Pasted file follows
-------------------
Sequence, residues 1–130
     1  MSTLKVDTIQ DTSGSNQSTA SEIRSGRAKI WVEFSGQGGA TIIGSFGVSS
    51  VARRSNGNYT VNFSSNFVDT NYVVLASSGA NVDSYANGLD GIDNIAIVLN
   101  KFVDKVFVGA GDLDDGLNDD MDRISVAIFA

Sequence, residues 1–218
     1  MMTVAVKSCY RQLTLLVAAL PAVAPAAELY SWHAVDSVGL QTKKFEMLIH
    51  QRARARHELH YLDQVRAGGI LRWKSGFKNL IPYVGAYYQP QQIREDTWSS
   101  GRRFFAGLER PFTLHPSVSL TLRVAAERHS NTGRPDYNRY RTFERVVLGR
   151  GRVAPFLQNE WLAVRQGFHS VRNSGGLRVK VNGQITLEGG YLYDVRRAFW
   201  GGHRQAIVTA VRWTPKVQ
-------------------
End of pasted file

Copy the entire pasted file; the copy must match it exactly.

Sequence, residues 1–130
     1  MSTLKVDTIQ DTSGSNQSTA SEIRSGRAKI WVEFSGQGGA TIIGSFGVSS
    51  VARRSNGNYT VNFSSNFVDT NYVVLASSGA NVDSYANGLD GIDNIAIVLN
   101  KFVDKVFVGA GDLDDGLNDD MDRISVAIFA

Sequence, residues 1–218
     1  MMTVAVKSCY RQLTLLVAAL PAVAPAAELY SWHAVDSVGL QTKKFEMLIH
    51  QRARARHELH YLDQVRAGGI LRWKSGFKNL IPYVGAYYQP QQIREDTWSS
   101  GRRFFAGLER PFTLHPSVSL TLRVAAERHS NTGRPDYNRY RTFERVVLGR
   151  GRVAPFLQNE WLAVRQGFHS VRNSGGLRVK VNGQITLEGG YLYDVRRAFW
   201  GGHRQAIVTA VRWTPKVQ